It is very hard to solve problems without first properly diagnosing the problem and fully understanding how the problem developed. So finding real solutions for problems can sometimes be made very difficult for progressives by liberal writers that occasionally take part revisionist history to make the Democrats appear blameless.
A classic example of this comes from Steve Denen historically inaccurate defense of the Democratic Super PAC, Priorities USA, from criticism by former Sen. Russ Feingold.
Priorities USA will include two arms, one will disclose its donors, the other won’t. If the model sounds familiar, there’s a good reason for that — it’s basically the same setup Karl Rove helped put together with Crossroads GPS. Just as with Rove’s operation, Priorities USA will benefit from unlimited, secret donations, including funds from lobbyists and political action committees whose checks President Obama won’t accept.
The problem, though, has to do with changes Democrats didn’t want, but are nevertheless stuck with. We’re talking about Democrats and their allies simply playing by the rules — rules they don’t like, rules they wish were different, rules they’d gladly change, but the rules nevertheless. (emphasis added)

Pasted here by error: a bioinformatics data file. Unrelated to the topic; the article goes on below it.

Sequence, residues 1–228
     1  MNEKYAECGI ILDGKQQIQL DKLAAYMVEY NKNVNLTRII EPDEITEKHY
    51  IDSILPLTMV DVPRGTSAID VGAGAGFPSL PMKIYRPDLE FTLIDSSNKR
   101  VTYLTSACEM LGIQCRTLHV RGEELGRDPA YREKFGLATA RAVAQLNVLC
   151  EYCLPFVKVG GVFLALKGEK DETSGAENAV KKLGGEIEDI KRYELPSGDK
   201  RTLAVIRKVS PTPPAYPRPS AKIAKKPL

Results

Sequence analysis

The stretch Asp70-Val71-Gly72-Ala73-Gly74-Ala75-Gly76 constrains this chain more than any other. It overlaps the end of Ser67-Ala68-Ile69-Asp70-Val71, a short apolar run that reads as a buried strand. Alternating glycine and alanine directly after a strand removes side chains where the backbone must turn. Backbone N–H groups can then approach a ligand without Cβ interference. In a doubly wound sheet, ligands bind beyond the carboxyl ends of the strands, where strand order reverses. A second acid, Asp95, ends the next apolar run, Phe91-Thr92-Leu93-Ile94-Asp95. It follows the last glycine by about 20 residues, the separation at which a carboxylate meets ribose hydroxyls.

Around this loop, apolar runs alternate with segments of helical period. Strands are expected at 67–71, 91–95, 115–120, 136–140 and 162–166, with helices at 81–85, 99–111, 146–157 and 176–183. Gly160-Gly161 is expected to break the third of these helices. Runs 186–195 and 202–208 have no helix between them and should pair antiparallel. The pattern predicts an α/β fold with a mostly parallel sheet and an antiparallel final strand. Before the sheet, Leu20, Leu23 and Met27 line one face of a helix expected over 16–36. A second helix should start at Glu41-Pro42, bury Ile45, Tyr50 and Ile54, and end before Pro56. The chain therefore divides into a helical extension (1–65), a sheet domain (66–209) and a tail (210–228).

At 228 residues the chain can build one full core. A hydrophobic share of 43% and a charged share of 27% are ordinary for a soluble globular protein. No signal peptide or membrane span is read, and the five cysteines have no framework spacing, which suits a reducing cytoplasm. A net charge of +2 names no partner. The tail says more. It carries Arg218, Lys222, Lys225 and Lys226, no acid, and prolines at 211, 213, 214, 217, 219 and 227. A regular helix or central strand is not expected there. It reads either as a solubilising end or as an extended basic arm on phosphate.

This statement I highlighted is simple wrong.
The Citizens United ruling was released in January of 2010. At that time Democrats had a filibuster proof 60 votes in the Senate, a large majority in the House, and controlled the Presidency. Democrats were more than capable of “gladly change” the rules.
If Democrats really wished the rules were different they had all the power they needed to change them. It is true that sections of the Democratic party did make some efforts to change the rules with the DISCLOSE Act and the Fair Elections Now act, but the party did not make a priority nor did the leadership force through a reform package.
Democrats aren’t just playing by new big donor friendly rules that have been totally forced on them. They are playing by new rules they actively let happen despite publicly denouncing. Remembering the actual history is critical to fully understanding Feingold’s criticism of the new Democratic Super PACs.